When Food Attacks: Food Safety and the Farm Bill

This week, a couple in Indiana and two children in Texas were hospitalized with serious outbreaks of botulism. In both cases, the sickness is most likely tied to tainted chili sauce produced by Castleberry’s Food Co. In both cases, the situation caused the families suffering and probably hefty hospital bills. Sadly, neither of these cases is surprising.

Whether it’s E. Coli in fast food hamburgers, Salmonella in heavily processed peanut butter, or Melamine-tainted pet-food, contamination, sickness, and food are all too-common bedfellows. The automation, speed, and lack of human supervision in the production and packaging of processed foods widen the potential for safety errors. Meanwhile, the Associated Press reported that FDA (the governmental agency responsible for protecting public health) conducts 47% percent fewer food safety inspections than it did in 2003.


This news is bad for anyone who consumes processed food products and is particularly frightening for pregnant women, children, and older individuals who tend to be more susceptible to food poisoning’s more detrimental and deleterious effects. One woman in Columbus Ohio reported to the Center for Science and Public Interest (CSPI) that her miscarriage was due to her consumption of Sara Lee cold cuts contaminated with listeria. “If I had known about the risks of consuming deli meat while I was pregnant, I might have been able to prevent my miscarriage,” she said. Perhaps she’s right, but it seems to me that the underlying problem is more complex, and that simply avoiding certain foods is not a sufficient solution.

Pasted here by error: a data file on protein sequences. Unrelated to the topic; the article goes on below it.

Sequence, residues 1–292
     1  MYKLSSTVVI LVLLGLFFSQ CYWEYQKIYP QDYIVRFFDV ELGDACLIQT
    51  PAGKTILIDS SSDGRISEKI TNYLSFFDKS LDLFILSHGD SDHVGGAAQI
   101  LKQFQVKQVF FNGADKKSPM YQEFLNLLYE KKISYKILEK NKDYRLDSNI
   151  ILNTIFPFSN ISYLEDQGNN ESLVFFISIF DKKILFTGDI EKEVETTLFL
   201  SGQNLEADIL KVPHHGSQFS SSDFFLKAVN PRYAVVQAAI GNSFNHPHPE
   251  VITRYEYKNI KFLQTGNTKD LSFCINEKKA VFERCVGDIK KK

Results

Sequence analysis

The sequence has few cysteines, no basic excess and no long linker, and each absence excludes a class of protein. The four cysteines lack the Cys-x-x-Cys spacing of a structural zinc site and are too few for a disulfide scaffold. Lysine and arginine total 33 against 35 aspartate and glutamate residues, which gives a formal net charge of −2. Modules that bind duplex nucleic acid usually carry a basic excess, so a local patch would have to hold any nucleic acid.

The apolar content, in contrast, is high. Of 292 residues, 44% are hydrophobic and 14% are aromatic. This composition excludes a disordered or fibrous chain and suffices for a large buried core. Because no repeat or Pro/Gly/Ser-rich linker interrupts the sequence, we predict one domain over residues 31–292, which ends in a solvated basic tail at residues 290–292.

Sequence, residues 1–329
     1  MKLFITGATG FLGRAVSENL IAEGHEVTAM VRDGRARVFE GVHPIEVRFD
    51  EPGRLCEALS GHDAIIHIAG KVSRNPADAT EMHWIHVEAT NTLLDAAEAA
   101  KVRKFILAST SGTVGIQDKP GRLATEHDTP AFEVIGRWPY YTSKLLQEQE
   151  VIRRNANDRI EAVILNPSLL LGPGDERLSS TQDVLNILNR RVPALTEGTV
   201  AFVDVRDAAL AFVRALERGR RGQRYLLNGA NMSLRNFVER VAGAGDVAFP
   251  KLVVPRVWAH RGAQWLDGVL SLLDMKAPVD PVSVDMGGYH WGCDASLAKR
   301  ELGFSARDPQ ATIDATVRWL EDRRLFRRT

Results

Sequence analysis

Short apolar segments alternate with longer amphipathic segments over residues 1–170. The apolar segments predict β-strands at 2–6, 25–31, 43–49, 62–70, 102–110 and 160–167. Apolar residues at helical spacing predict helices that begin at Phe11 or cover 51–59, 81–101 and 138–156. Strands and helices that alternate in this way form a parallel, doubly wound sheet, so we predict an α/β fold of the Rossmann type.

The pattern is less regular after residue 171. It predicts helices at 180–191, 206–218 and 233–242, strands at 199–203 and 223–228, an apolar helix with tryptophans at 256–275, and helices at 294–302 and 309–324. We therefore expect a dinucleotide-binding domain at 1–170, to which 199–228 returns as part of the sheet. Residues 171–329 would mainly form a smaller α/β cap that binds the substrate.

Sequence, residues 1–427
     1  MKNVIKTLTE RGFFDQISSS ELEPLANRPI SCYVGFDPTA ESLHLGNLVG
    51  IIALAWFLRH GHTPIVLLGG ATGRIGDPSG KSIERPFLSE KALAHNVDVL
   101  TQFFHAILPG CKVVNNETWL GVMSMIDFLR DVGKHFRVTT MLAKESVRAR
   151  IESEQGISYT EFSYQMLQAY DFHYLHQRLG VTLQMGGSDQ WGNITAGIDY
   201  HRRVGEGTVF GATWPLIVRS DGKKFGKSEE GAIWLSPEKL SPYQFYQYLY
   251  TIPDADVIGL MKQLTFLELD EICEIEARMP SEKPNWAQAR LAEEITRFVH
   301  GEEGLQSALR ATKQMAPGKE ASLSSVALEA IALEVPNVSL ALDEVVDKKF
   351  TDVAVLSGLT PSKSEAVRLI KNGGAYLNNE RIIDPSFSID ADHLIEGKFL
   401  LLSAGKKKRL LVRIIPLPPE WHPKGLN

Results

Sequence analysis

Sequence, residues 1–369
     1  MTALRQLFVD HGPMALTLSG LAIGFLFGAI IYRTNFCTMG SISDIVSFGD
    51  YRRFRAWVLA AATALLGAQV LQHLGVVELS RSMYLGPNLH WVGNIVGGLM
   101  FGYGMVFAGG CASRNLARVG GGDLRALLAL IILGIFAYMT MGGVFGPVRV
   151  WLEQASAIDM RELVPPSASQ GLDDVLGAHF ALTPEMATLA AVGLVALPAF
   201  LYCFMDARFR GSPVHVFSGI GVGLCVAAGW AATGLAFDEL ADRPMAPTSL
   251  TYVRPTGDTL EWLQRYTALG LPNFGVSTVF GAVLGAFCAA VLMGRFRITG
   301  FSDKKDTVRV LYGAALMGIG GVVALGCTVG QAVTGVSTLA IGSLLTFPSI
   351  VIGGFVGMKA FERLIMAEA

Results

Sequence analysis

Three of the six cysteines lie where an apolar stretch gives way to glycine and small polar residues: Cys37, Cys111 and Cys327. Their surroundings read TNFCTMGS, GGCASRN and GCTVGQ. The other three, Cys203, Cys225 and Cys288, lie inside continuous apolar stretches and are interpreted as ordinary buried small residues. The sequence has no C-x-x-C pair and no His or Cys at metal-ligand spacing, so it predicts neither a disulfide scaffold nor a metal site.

When “good” companies like Earthbound Organics, and Robert’s American Gourmet turn up as culprits of tainted foods, it becomes far more difficult to blame behemoth companies like McDonald’s and Hormel and call it a day. So what are the options?

One a personal level, know the source of your food. Whenever possible, buy produce, eggs, honey, grain and milk from a local farmer through farmers’ markets or Community Supported Agriculture (CSA) projects. If you find yourself with a few spare hours on a weeknight or weekend, cook dinner from fresh ingredients, make your own bread – or cheese (you can make delicious kosher mozzarella in 30 minutes as well as many other cheeses using this.

On a political level–learn more about the 2007 Farm Bill. The Farm Bill is the most important piece of food legislation currently up for debate, and the outcome will affects farmers and consumers alike. Recently, the Livestock, Dairy, and Poultry Subcommittee, quietly inserted a provision into the Farm Bill that would wipe out state and local authority to protect food safety, the environment, and humane animal treatment. According to the Ag Observatory, “Section 123 would prevent states and localities from passing any laws prohibiting commercial use of USDA-inspected products.”

Would you like a side of lost rights with your tainted hamburger? Read more about the 2007 Farm Bill here.

–Leah Koenig

3 comments on “When Food Attacks: Food Safety and the Farm Bill

  1. Leah Koenig on

    Update: I found out today that the House Agriculture Committee removed Section 123 from the Farm Bill. Great news, but there are still many more provisions in the bill that do not support small farmers, public health, and consumer rights.

    The Farm Bill will probably be voted on this week – check out The Jew and the Carrot for ways to take action – http://www.jcarrot.org

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